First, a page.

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Department of Zoology



I am an evolutionary biologist who works with butterflies and other insects. I have always been fascinated by the evolution of butterfly wing patterns and, in particular, by their eye-like markings known as eyespots. Can we explain the evolution of the diversity of these patterns both in terms of how they function and are influenced by natural selection, and how they are painted on the wings during development of the butterfly in the caterpillar and pupa? The mechanisms of development and physiology may contribute, alongside natural selection, to the patterns of diversity we see occurring in evolution.

Our multidiscipinary research on an African butterfly, Bicyclus anynana, is enabling us not only to tackle the issues of why eyespots matter in butterfly ecology but also how they are made by genes that regulate specific developmental mechanisms. In turn we can begin to explore the extent to which the way in which development builds morphologies can contribute to shaping evolutionary trajectories, for example via different forms of bias or constraint. B. anynana inhabits a wet-dry seasonal environment and shows striking phenotypic plasticity or polyphenism; the detailed study of this phenomenon has led us to investigate the roles of suites of metabolic, physiological, morphological and life history traits (including rates of aging) in ecological adaptation. The wing androconia of males of B. anynana are also now known to produce a species-specific blend of male sex pheromones that are involved in mate choice and sexual selection.

A new ERC-funded project known as EMARES will use our knowledge from these studies of a single model species to establish surveys and further experimental work to explore the processes of ecological diversification and speciation among the 250 or so species of these butterflies in the Old World tropics.


Key publications: 

Brakefield, P.M., Gates, J., Keys, D., Kesbeke, F., Wijngaarden, P.J., Monteiro, A., French, V., and Carroll, S.B. (1996). Development, plasticity and evolution of butterfly eyespot patterns. Nature 384, 236-242.

Beldade, P., Koops, K., and Brakefield, P.M. (2002). Developmental constraints versus flexibility in morphological evolution. Nature 416, 844-847.

Brakefield, P.M., and Reitsma, N. (1991). Phenotypic Plasticity, Seasonal Climate and the Population Biology of Bicyclus Butterflies (Satyridae) in Malawi. Ecol. Entomol. 16, 291-303.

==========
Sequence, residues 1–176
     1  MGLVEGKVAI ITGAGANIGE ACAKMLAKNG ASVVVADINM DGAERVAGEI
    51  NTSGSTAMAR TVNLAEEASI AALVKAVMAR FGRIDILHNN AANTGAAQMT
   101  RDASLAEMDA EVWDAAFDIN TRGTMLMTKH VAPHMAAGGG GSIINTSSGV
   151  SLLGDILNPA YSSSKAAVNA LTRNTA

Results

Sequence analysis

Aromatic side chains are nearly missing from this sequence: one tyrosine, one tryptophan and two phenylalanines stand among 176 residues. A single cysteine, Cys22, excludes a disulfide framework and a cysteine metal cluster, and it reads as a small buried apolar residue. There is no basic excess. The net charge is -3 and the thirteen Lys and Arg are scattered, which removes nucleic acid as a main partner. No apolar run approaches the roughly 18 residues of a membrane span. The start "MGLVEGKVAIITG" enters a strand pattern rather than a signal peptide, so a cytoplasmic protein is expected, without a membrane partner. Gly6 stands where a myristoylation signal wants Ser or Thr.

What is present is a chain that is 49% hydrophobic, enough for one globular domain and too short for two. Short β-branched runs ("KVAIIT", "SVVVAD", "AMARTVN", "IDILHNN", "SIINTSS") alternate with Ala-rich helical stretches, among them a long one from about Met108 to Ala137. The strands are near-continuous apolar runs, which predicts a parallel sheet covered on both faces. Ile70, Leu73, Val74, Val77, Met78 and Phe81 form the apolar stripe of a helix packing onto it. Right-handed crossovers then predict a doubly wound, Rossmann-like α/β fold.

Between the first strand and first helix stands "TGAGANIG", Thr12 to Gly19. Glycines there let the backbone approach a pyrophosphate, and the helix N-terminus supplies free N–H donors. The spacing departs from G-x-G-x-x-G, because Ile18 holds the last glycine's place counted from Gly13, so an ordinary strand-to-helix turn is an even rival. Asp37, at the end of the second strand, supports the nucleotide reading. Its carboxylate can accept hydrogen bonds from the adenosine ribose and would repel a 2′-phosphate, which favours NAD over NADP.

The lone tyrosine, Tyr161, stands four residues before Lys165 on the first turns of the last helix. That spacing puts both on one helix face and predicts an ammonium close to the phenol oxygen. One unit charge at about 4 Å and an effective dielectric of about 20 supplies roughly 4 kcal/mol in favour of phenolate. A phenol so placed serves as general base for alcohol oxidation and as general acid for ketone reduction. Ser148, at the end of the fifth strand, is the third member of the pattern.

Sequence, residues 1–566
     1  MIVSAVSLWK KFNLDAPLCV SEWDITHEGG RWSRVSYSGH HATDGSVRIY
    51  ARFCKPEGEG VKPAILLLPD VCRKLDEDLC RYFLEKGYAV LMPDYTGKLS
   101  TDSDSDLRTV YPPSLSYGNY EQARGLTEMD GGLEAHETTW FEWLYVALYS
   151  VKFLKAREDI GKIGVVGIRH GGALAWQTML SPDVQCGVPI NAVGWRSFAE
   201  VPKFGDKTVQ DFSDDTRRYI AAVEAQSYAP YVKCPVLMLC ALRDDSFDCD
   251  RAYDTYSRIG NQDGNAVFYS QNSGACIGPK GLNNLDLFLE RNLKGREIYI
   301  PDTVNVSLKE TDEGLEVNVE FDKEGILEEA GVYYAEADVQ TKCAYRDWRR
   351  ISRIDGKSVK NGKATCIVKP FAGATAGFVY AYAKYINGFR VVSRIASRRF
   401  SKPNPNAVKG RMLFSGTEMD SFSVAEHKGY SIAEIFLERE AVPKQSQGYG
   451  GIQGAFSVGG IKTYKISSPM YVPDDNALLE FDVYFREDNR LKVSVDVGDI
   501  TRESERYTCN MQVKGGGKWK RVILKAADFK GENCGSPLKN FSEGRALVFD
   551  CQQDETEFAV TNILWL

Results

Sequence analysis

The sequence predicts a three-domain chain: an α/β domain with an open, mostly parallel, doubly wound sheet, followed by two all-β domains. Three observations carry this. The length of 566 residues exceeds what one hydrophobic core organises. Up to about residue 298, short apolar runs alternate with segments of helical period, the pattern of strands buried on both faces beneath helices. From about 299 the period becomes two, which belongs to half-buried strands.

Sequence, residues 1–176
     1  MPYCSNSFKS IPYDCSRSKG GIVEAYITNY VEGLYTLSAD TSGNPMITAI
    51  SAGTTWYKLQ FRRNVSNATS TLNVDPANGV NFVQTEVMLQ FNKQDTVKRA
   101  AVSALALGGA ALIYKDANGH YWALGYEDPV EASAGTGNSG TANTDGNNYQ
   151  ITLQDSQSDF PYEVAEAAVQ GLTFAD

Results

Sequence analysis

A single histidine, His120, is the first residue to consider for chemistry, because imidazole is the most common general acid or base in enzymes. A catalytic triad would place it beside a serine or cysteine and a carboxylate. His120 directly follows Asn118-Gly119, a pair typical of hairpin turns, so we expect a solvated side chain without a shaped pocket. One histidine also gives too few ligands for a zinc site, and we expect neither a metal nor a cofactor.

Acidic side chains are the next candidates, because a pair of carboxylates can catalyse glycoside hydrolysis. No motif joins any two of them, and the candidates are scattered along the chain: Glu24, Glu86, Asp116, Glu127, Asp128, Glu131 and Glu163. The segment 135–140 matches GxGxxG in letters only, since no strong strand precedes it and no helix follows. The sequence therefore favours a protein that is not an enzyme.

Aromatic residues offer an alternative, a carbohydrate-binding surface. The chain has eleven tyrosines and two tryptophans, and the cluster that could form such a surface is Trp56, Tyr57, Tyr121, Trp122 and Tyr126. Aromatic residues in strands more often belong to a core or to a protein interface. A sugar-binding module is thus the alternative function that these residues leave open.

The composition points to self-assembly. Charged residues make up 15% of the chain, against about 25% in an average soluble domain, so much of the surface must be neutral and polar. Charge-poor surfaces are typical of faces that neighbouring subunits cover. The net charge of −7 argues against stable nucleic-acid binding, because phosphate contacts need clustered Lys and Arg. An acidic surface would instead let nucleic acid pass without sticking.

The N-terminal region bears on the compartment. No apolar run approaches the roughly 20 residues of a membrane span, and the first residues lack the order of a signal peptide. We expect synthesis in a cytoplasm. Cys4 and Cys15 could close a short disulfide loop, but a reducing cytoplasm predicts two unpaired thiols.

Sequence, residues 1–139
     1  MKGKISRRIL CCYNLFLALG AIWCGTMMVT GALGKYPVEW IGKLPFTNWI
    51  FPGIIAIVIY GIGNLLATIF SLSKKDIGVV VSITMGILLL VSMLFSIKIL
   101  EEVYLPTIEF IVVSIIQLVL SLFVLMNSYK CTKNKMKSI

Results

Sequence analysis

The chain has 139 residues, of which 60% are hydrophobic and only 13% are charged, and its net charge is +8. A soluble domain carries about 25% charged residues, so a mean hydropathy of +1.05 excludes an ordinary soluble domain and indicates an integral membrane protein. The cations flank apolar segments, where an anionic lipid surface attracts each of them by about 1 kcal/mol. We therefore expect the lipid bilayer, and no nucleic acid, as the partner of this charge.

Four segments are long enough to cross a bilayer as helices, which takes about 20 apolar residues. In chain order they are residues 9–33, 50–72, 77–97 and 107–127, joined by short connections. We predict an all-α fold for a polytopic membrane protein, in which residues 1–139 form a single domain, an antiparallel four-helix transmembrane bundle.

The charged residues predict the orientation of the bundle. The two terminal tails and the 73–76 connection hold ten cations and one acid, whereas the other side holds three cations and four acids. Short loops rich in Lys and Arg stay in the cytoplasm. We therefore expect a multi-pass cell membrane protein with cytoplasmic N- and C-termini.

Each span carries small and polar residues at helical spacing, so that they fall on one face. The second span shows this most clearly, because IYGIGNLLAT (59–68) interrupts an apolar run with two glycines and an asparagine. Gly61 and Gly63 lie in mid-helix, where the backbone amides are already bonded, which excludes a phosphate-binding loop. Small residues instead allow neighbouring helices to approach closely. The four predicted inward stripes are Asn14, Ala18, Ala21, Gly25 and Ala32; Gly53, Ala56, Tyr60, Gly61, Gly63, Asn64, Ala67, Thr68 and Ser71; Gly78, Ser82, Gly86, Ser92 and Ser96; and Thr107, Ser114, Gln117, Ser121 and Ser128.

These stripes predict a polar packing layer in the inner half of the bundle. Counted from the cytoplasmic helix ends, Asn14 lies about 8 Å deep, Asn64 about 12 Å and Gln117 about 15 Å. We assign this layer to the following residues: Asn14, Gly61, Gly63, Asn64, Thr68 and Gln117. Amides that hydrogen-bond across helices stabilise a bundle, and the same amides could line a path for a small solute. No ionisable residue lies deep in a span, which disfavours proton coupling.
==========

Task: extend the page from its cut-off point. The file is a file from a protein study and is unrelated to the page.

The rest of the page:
Saccheri, I.J., Brakefield, P.M., and Nichols, R.A. (1996). Severe inbreeding depression and rapid fitness rebound in the butterfly Bicyclus anynana (Satyridae). Evolution 50, 2000-2013.

Joron, M., and Brakefield, P.M. (2003). Captivity masks inbreeding effects on male mating success in butterflies. Nature 424, 191-194.

Other publications: 

Bacquet, P.M.B.*, Brattström, O.*, Wang, H-L., Allen, C.E., Löfstedt, C., Brakefield, P.M. & Nieberding, C.M. (2015). Selection on male sex pheromone composition contributes to butterfly reproductive isolation. Proceedings of the Royal Society B, 282: 20142734. (* co-first authors)

Oostra, V., Mateus, A.R.A., van der Burg, K.R.L., Piessens, T., van Eijk, M., Brakefield, P.M., Beldade, P., Zwaan, B.J. (2014). Ecdysteroid hormones link the juvenile environment to alternative adult life histories in a seasonal insect. The American Naturalist

van Bergen, E., Brakefield, P.M., Heuskin, S., Zwaan, B.J., and Nieberding, C.M. (2013). The scent of inbreeding: a male sex pheromone betrays inbred males. Proc. R. Soc. B-Biol. Sci. 280.

Oostra, V., de Jong, M.A., Invergo, B.M., Kesbeke, F., Wende, F., Brakefield, P.M., and Zwaan, B.J. (2011). Translating environmental gradients into discontinuous reaction norms via hormone signalling in a polyphenic butterfly. Proc. R. Soc. B-Biol. Sci. 278, 789-797.

Saastamoinen, M., van der Sterren, D., Vastenhout, N., Zwaan, B.J., and Brakefield, P.M. (2010). Predictive Adaptive Responses: Condition-Dependent Impact of Adult Nutrition and Flight in the Tropical Butterfly Bicyclus anynana. Am. Nat. 176, 686-698.

Saenko, S.V., Brakefield, P.M., and Beldade, P. (2010). Single locus affects embryonic segment polarity and multiple aspects of an adult evolutionary novelty. BMC Biology 8.

Lommen, S.T.E., Saenko, S.V., Tomoyasu, Y., and Brakefield, P.M. (2009). Development of a wingless morph in the ladybird beetle, Adalia bipunctata. Evol Dev 11, 278-289.

Professor of Zoology (Emeritus)

Contact Details

Museum Room G.16
01223 (3)36612 or (3)36623
Accepting applications for PhD students.